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Chapter

Village to Empire 32-48.docx

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Department
Humanities
Course Code
HUMA 2105
Professor
Sarah Blake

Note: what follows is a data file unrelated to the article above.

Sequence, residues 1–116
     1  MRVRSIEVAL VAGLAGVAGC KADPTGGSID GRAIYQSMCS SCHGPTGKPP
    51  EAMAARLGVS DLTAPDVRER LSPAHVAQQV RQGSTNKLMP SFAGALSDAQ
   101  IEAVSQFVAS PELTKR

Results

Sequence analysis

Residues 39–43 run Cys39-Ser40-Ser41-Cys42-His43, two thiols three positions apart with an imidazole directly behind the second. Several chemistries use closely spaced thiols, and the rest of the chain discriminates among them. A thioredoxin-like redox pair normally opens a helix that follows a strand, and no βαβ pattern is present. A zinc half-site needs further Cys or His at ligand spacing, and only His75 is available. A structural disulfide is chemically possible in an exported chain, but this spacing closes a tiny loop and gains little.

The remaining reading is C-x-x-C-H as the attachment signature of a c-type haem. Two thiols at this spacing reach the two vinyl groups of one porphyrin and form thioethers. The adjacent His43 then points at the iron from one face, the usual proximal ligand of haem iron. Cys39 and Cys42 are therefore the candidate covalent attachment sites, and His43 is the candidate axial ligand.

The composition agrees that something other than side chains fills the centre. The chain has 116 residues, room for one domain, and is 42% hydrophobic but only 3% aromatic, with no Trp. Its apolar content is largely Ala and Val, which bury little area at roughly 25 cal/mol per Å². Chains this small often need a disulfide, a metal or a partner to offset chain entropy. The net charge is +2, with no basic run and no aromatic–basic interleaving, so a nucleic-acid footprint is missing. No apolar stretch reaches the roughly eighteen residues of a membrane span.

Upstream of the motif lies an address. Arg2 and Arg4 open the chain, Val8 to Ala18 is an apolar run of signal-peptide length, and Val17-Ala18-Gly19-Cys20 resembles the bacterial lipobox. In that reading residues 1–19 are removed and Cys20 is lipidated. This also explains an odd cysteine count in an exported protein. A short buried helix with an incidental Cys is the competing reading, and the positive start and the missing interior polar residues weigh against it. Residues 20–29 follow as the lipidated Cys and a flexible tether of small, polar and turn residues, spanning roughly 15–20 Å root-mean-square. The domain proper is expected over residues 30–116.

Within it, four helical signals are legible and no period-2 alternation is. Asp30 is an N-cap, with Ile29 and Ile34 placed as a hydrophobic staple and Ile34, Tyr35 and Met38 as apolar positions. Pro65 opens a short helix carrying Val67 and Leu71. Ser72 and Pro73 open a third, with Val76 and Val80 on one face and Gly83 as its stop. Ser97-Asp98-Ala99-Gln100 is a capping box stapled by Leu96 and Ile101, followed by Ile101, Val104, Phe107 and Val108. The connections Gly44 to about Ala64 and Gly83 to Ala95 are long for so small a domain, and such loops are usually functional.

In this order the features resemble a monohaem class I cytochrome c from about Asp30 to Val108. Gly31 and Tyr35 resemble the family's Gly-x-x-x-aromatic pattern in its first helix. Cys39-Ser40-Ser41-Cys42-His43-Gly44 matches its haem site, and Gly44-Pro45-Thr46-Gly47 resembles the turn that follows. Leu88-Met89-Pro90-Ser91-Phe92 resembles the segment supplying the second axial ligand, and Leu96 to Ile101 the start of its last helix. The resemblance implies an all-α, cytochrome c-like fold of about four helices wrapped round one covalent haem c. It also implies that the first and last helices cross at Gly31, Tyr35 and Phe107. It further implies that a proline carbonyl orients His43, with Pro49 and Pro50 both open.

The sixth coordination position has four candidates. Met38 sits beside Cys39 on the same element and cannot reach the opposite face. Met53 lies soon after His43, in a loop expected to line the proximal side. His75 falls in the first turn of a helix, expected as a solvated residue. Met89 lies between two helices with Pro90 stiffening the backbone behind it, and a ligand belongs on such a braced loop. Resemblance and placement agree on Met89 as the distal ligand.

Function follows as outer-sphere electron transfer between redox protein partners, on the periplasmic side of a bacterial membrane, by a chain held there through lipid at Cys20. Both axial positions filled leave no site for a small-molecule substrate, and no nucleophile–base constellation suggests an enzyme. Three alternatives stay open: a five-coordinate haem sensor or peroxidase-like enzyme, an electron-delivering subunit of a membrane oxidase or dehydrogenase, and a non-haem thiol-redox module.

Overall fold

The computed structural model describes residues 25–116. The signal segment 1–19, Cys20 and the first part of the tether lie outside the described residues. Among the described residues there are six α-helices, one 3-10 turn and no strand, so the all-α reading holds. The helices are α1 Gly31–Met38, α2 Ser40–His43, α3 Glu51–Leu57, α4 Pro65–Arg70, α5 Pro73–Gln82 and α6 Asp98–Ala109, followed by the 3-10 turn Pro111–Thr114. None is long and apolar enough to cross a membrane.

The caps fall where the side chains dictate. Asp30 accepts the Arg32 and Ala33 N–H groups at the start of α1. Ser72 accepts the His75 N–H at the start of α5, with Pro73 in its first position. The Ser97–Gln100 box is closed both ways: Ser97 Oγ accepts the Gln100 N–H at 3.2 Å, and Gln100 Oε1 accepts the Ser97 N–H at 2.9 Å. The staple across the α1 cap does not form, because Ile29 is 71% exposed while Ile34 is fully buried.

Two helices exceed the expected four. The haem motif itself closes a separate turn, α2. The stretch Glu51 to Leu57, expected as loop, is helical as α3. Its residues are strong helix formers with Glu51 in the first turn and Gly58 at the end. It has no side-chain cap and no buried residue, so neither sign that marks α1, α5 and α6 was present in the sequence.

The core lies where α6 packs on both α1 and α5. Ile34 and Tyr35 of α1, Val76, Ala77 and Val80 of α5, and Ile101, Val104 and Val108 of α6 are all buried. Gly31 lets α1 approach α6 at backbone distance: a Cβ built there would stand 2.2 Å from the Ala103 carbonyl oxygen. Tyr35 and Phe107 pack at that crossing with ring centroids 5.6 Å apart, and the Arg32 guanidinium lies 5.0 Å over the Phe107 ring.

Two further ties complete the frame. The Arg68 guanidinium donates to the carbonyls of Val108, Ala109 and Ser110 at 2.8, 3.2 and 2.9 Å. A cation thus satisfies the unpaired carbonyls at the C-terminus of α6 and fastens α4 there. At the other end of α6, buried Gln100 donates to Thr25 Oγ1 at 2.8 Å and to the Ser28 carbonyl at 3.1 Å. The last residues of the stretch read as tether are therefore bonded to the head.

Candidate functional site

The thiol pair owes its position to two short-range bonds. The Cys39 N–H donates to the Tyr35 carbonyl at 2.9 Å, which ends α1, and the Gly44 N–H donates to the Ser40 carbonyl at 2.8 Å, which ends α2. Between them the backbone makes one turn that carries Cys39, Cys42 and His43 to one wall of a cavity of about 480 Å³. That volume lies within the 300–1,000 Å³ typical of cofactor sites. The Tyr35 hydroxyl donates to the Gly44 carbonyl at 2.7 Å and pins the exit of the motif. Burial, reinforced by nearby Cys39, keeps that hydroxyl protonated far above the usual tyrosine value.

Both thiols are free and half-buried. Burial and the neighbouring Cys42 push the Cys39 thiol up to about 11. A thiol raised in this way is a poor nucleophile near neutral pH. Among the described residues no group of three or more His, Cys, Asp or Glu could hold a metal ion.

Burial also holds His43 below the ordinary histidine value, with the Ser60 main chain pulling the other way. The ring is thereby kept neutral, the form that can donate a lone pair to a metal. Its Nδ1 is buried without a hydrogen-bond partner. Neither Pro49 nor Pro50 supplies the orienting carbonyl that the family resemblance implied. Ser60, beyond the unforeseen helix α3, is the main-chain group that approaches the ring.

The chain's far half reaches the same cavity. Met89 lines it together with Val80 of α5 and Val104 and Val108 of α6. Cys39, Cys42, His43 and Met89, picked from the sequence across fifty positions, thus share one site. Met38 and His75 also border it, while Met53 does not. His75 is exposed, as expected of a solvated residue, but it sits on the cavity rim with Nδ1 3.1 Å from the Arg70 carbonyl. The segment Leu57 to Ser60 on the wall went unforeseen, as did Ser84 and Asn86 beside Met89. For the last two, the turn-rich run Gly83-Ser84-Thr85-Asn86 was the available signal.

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ROME’S FIRST CENTUREIS EMERGENCE OF AN URBAN COMMUNITY  Situated on hills overlooking Tiber River (defence)  Plentiful water  The Capitol, the Palatine, the Velia – three hills  Drained in 7 and 6 C. – became the ‘Forum Romanum’ (Roman Forum)  Political/religious center  ‘Forum Boarium’ – chief market/harbour  Earliest traces of settlement – 1000 – burials  Early hamlets of huts shared cemeteries  No linked common identity  After c. 800 – community evolving  Esquiline ‘necropolis’ – Rome’s chief cemetery  7 and 6 C. first graves appear  Greek potter at Forum Boarium – indicates contact with distant places & fulfilling its role  ‘Ara Maxima’ – alter dedicated to Heracles (Latin, Hercules)  Cult may have been established here during 8 C.h th  Northern slopes of Palatine hill – mid 8 C. clay well  675-550, three successive stone walls followed  Sign of increasing united community  Part of Forum Romanum cleared for communal events th  ‘Regia’ erected along edge – 7 C.  ‘Comitium’ – public space – officials summoned citizens to vote, heal legal cases, make/inform public decisions  ‘Curia Hostilia’ - meeting place for council of elders – ‘senate’ rd  ‘Sacra Via’ – chief processional route of city, paved, last 3 of 6 C.  Temples to Gods  2 quarter of 6C. first temple (dedicated to Fortuna)  Decorations representing Hercales and Athena  Temple of Jupiter Optimus Maximus – Capitoline hill – beginning of 6 C.th th  6 C. may have protected city with fossa (dirt pit) and agger (dirt wall)  7 C. – evidence of wealthy Romans displaying wealth  Atria (atrium –singular) – reception rooms & other rooms grouped around enclosed gardens  End of 6 C. dwellings spread over most hills, Rome became one of the largest cities in Italy THE ROMANS AND THEIREARLY HISTORY  Active tradition of history writing  7 supposed kings th  Romulus `the Roman`-8 C. date attributed to foundation of Rome  Numa Pompilius – set pattern for religious life th nd  Servius Tullius (6 king) – 2 founder of Rome  Tarquinius Superbus – last king, fall marks the end of monarchy (justified fall)  Marcus Terentius Varro (116-27B.C) scholar – thought date of Romulus` foundation – 753  Historians of Rome presented it in a fashion ignoring or minimizing influence of neighbours and allies  Greeks taught how to write histories  Historians should compose accounts of a single, significant event –war  Or record a city`s history from its foundation to the author`s own day  Or should describe in general the history of the civilized world  First two are popular amongst Roman authors  Entertain readers - Offered vivid, dramatic stories  Instruct readers - Focused on leading individuals, situations faced, and effects of their actions on their city  Quintus Fabius Pictor (c. 200) – 1 Roman historian, offered account in Greek of foundation to own day  Marcus Porcius Cato the elder – first prose history in Latin – ‘Origins’  Often incorporated segments of others works  Marcus Tullius Cicero (106-43)  Titus Livius (59 B.C. – A.D. 79)  Pontiffs – one group of priests – maintained a year-by-year account of significant events – ‘pontificial annals’  Included ‘will of the gods’  Roman historians relied on interpretations of old texts in works of earlier writers  When Roman and (later) Greek historian recounted Rome’s early history imagined leaders initiating and performing practices that would later be typical of officials  Trench dug around ‘Conitium’, deposits –mundus  ‘Pomerium’ – behind the wall (post murum) - line marking course of wall  Roman historians felt free to invent parts of their narratives, guidelines followed  Project into the past the attitudes and practices of author’s own day, believing their city’s essentials were unchanging  Believed functioned socially, and politically he same, with same values  From the 6 C. onwards, the main outlin
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